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The Mighty Cedar of Lebanon

by Rev. Romanos V. Russo

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We knew her as “the German lady.” The house we had lovingly admired was “the German lady’s house.” That’s all we knew, that and the fact that we wanted her house very much. Of its many beauties its crowning glory was the majestic blue spruce that dominated all it surveyed from its throne in the front garden. Neighbors used to look to it for signs of the weather. When it swayed, it was windy. When shrouded in darkness it foretold a storm. When its azure verdance glistened, the sun would reign from dawn to dusk. It seemed eternal but was all too mortal.

When years later we bought that oft-coveted house, we found that the noble spruce had languished, agonized and died, its once triumphant grandeur reduced to an entombed stump. I looked upon the shallow grave and swore that I would plant life there again, soon: not a moment to lose. Death for Christians is always supplanted by life.

A cedar for God! No other tree would do. A cedar of Lebanon! It must be so. Only the noblest tree of all could wear the royal mantle it inherited. A cedar of Lebanon which You have planted. Great are Your works, O Lord, in wisdom have You wrought them all. (Psalm 103) The divine logic was inescapable. As we found our new home we would dedicate a tree, the national symbol of Lebanon, to remind us always of the homeless.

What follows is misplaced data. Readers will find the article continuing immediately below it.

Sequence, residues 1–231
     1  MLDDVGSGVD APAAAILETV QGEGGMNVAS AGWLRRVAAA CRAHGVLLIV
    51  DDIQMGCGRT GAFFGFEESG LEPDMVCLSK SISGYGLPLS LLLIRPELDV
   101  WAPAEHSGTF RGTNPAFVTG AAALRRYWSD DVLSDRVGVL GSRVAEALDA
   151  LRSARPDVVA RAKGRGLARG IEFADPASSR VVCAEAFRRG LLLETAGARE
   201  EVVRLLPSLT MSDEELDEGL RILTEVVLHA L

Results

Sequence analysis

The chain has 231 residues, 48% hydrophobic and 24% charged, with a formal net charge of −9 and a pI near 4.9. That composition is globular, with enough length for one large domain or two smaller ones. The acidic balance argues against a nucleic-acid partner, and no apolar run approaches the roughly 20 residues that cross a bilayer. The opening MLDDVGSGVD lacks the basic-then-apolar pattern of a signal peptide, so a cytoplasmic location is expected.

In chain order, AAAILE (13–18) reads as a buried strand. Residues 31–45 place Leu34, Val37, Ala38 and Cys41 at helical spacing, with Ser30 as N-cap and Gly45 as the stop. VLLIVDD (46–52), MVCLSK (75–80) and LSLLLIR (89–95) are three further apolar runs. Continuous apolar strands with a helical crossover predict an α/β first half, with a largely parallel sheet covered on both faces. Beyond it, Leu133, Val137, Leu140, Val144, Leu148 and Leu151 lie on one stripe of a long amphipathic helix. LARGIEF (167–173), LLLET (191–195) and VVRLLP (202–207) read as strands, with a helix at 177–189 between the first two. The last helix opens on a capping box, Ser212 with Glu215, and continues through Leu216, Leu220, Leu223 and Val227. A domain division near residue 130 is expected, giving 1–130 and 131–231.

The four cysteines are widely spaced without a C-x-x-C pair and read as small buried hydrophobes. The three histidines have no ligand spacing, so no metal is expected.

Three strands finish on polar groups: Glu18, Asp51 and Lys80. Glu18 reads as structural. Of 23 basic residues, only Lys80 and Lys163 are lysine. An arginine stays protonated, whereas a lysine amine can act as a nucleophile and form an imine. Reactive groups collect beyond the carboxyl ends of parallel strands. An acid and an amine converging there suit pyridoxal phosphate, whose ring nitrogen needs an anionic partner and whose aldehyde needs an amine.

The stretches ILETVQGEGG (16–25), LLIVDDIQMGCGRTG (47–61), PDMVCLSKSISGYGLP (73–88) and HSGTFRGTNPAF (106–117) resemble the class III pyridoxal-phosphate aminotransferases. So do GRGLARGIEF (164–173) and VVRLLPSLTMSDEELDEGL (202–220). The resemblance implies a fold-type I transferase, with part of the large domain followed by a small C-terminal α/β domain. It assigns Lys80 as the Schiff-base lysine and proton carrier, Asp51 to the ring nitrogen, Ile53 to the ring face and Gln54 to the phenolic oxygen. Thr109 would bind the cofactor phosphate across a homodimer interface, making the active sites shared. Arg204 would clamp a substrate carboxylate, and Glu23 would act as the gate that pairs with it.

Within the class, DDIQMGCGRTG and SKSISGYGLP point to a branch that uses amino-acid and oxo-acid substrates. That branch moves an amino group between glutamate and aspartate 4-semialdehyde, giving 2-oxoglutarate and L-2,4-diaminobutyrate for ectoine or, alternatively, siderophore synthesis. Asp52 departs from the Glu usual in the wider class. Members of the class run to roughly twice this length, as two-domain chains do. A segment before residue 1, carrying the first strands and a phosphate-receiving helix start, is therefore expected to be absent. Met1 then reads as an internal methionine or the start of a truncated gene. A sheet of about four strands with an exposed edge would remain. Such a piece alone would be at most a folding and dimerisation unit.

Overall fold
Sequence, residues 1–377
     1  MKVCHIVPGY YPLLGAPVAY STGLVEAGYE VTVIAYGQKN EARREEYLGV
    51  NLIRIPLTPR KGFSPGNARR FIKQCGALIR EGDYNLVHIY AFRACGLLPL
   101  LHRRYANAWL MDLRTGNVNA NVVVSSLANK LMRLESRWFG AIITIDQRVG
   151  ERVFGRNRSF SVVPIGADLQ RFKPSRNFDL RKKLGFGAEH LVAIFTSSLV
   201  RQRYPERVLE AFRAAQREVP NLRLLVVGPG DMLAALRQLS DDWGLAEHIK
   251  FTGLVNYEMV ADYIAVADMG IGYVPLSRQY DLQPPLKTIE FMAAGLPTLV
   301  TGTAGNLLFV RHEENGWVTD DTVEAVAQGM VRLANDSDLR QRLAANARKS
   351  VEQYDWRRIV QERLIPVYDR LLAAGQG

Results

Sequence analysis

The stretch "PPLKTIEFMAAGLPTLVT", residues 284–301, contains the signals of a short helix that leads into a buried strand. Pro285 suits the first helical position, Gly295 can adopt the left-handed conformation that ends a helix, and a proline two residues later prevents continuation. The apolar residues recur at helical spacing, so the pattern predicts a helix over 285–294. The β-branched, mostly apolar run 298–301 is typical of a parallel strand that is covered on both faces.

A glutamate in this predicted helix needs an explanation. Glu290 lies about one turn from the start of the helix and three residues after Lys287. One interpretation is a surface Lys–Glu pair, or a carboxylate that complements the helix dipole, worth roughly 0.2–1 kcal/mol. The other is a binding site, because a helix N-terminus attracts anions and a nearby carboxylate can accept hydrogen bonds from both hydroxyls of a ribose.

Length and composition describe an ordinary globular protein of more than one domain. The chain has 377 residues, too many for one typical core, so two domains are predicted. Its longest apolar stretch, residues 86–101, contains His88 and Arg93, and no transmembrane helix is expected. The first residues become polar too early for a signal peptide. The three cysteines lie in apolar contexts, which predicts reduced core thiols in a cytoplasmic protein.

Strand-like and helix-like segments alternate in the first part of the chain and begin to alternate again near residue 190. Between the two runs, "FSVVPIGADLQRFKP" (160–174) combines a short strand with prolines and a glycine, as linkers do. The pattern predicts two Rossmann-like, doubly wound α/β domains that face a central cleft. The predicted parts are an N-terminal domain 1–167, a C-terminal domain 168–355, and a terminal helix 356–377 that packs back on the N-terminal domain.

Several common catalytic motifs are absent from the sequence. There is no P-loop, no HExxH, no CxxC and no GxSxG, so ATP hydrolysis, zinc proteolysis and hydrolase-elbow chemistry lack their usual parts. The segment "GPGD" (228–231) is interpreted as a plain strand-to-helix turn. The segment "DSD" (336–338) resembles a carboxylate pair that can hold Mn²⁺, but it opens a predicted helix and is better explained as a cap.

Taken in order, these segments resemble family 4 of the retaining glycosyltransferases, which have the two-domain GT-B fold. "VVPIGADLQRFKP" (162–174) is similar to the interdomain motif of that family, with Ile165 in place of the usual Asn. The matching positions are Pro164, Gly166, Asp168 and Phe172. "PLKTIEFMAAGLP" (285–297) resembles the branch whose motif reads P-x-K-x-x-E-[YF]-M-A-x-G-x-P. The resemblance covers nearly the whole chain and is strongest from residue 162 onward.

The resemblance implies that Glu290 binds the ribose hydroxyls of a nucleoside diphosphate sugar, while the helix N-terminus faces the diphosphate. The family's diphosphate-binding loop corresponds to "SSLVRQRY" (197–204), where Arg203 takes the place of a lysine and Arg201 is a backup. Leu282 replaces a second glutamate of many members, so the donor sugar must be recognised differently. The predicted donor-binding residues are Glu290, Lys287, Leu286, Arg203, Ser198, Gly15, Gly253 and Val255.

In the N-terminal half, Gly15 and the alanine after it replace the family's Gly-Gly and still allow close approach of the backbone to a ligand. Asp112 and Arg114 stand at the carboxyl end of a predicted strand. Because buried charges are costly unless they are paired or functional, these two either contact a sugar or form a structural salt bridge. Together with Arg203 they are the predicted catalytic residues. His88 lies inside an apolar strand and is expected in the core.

How many countless thousands of homeless and orphaned refugees wander the face of that chosen land? A land elect among the nations of the Levant, now abandoned by all save those who cannot escape her fatal beauty and those others, nameless, faceless, who plot to ravage her the more?

Lebanon, you milky-white land of the Phoenicians and Byzantines, Crusaders and Maronites, Christian and Moslems at once, for you were those cedars planted by the hand of God. For you I will plant a cedar in Brooklyn. As I water it I will think of your tears. As I nurture it I will weep for your children cut down while still only shoots. As I watch it spread its branches, I will recall how many times over the centuries you opened your arms to the persecuted and gave them shelter. As I be-hold its heavenward stride, I will pray with the prayers of your holy monks that my own life be directed also to what is above, to Who is above. As the winter clothes it with a pearly raiment of snow, I will have a care for your naked and shelterless wanderers.

If I live to behold its towering splendor, I will recall that the Psalmist said that the righteous will grow as tall as the cedars of Lebanon. And if I am granted the Highest Good, I will experience what Solomon said of the Beloved: His countenance is as Lebanon: noble as the cedars. (Song of Songs 5:15)

Beloved Lebanon, upon you has been visited the chastisement of Isaiah:

Yes, that will be the day of the Lord of Hosts
against all pride and arrogance,
against all that is great, to bring it down,
against all the cedars of Lebanon.

   (Isaiah 2:13)

Sweet Lebanon, upon you has fallen the sentence of Jeremiah:

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Tags: Lebanon Reflections/Inspirational